Wednesday, 21 August 2013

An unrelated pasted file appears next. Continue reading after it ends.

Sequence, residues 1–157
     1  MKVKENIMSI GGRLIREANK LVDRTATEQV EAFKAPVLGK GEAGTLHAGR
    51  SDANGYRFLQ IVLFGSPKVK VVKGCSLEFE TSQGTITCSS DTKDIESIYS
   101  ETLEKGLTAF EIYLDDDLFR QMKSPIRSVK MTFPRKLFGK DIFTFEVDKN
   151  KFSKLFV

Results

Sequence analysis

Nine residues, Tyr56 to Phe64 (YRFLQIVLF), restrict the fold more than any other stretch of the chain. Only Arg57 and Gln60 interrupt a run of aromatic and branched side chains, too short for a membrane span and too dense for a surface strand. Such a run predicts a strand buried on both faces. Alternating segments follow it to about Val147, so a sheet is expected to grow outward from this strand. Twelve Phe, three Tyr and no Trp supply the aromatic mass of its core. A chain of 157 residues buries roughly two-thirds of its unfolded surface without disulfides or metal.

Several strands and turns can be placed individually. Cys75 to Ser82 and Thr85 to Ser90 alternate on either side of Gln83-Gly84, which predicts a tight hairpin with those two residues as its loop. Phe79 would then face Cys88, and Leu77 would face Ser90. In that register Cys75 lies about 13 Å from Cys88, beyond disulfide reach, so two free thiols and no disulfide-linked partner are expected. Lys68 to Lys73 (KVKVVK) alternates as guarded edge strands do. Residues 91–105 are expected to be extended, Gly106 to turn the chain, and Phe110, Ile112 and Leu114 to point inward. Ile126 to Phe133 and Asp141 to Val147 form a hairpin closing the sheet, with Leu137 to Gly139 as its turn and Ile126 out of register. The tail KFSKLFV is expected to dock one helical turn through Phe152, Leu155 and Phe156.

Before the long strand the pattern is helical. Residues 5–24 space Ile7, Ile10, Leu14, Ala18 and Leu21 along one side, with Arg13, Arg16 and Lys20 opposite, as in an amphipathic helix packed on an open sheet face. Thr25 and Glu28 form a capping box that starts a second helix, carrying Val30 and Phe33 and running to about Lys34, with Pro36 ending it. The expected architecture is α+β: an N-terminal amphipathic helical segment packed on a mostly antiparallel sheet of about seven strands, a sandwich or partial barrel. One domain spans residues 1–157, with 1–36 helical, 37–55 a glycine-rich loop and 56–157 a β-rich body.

Having formulated his own conspiracy theories in JFK and dug into the psyche of Nixon, barnstorming director Oliver Stone completes a presidential trio with this fascinating biopic of one of the USA’s most controversial presidents, George W. Bush. W examines the surprisingly chequered life of Bush in the run-up to his time in office and some of the crucial decisions behind the 2003 Iraq invasion that has come to define his presidency but happily delivers a balanced critique rather than the straight lambasting some might have expected (or hoped for). Demonised across the world for starting a war that many still believe to be illegal, Bush is crucially (and interestingly given Stone’s anti-establishment reputation) depicted as a lot more complex than his detractors would have you believe, portrayed by Josh Brolin as a man struggling to find a path in life whilst growing up and eventually falling into politics to prove himself to his authoritarian father (President George Bush senior in a powerful performance by James Cromwell) as much as anything else. Increasingly out of his depth in the shark pool of politics, Bush comes across as a misguided but actually well meaning President who was easily manipulated by politicians who can think a lot faster and therefore speak a lot better and (as personified by Richard Dreyfuss’ sneering Dick Cheney) are only in the business to serve their own ends. Given that this is a far more recent biopic than Stone’s previous work all of the characters are still alive and many still in the public eye and so it is to his credit that across the board all of the familiar names are convincingly portrayed; even Ioan Gruffudd who looks nothing like Tony Blair neatly hits the Prime Minister's air of anxious subservience, while Brolin himself soon becomes indistinguishable from his real life counterpart. Of course Stone has imagined a lot of the private White House conversations but crucially, like he did previously with Richard Nixon, he has created a complex human figure out of a controversial public figurehead and although the policies of Bush’s government are predictably criticised through the portrayal of his Cabinet, it is nice to see that Stone has elected to deliver a fairer portrait of Bush himself than the reputations of both director and subject might have warranted.